As the amount of data sent and received by your company continues to expand via new partnerships and growing staff/customers, improving slow file transfer speeds is most likely a big challenge for your IT department.
Though various factors come into play that can cause slow file transfers (e.g. file sizes, low bandwidth or insufficient hardware), it can also be rooted in an issue with the core protocol that governs how internet traffic is routed over the internet, the Border Gateway Protocol (BGP).
In this post, we will explain to you the challenges that BGP causes for sending files fast and also show you an enterprise-grade solution that can help you solve these problems.
File Sharing Challenges Caused by the Border Gateway Protocol
You may be thinking, “What exactly is BGP?” Essentially, BGP is the technology that routes traffic across the various network providers around the world (AKA the “Internet Backbone”) and is essentially what makes the global internet connect. For example, every time you upload a file from your computer to a server over the internet, your data must pass through several different network provider machines on the way to its destination; BGP is what decides the route your data will take from one network provider to the next and this influences how long the travel time will take.
Now that you know a little bit about how BGP works, you may now be wondering, “How can BGP slow down my file upload and download speeds?” Here are a couple of primary challenges from BGP that slow down data transfer speed:
- BGP routes data based on cost, not speed: It’s a common misconception that BGP directs traffic down the shortest distance, but this is not the case. Rather, ISPs collaborate together to establish BGP routing rules that benefit each company by routing traffic based on cost and not speed, referred to as “least cost routing.” This is a problem because it can negatively affect the performance of your company’s file sharing processes over the internet.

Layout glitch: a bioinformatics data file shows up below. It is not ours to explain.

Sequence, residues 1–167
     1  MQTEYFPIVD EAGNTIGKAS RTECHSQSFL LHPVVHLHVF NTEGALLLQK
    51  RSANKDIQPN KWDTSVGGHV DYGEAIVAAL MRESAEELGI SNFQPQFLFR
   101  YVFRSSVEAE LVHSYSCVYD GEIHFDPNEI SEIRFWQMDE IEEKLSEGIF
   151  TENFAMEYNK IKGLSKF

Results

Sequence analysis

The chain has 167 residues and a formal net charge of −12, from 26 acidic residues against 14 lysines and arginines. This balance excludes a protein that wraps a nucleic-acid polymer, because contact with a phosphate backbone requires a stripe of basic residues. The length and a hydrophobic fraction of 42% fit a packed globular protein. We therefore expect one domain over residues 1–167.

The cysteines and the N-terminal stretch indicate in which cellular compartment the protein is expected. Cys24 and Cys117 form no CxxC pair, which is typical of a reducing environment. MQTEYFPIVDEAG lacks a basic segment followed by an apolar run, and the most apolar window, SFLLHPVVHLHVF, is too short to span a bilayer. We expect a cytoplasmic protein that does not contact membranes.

- BGP does not detect and avoid network congestion: Another problem with BGP is that it does not detect network congestion, meaning traffic is often sent down inefficient routes. This causes online services in certain areas of the world to be naturally very slow, resulting in high cost and complex infrastructure requirements for companies with locations in these regions.
You Can Send and Receive Files 20X Faster with Thru OptiSPEED™
One way your company can solve the performance challenges caused by BGP is by using Thru OptiSPEED to send and receive files up to 20x faster than with standard internet. With OptiSPEED, your users send and receive files of any size using the Thru global file sharing platform and OptiSPEED’s “cloud-based routing” technology automatically directs uploads and downloads on the fastest route, avoiding network congestion in real-time.
OptiSPEED is a global virtual network within public cloud data centers and constantly analyzes global internet traffic to send files down routes that avoid congested areas. OptiSPEED is a part of Thru’s global file sharing and content collaboration platform, which is used to access, manage and send files from any device. With add-ins for Outlook, Office 365, Salesforce, SharePoint and IBM Notes, your users can send and receive files at high speeds from the applications they use every day.
A company that uses the Thru file sharing platform powered by OptiSPEED is Germany’s Röchling Automotive. With thousands of users around the world (in over 36 locations) needing to collaborate on large files (CAD files up to 5GB), the company had problems with slow speeds and file size limits when users sent and received data over long distances with customers, partners and vendors. To solve these issues, Röchling now uses the Thru enterprise file sync and content collaboration platform with its Add-In for IBM Notes to quickly send large files to any location. With OptiSPEED enabled, the company increased file sharing speeds by up to 20X to solve its slow speed issue and even solved complex problems with getting data past the “Great Chinese Firewall”.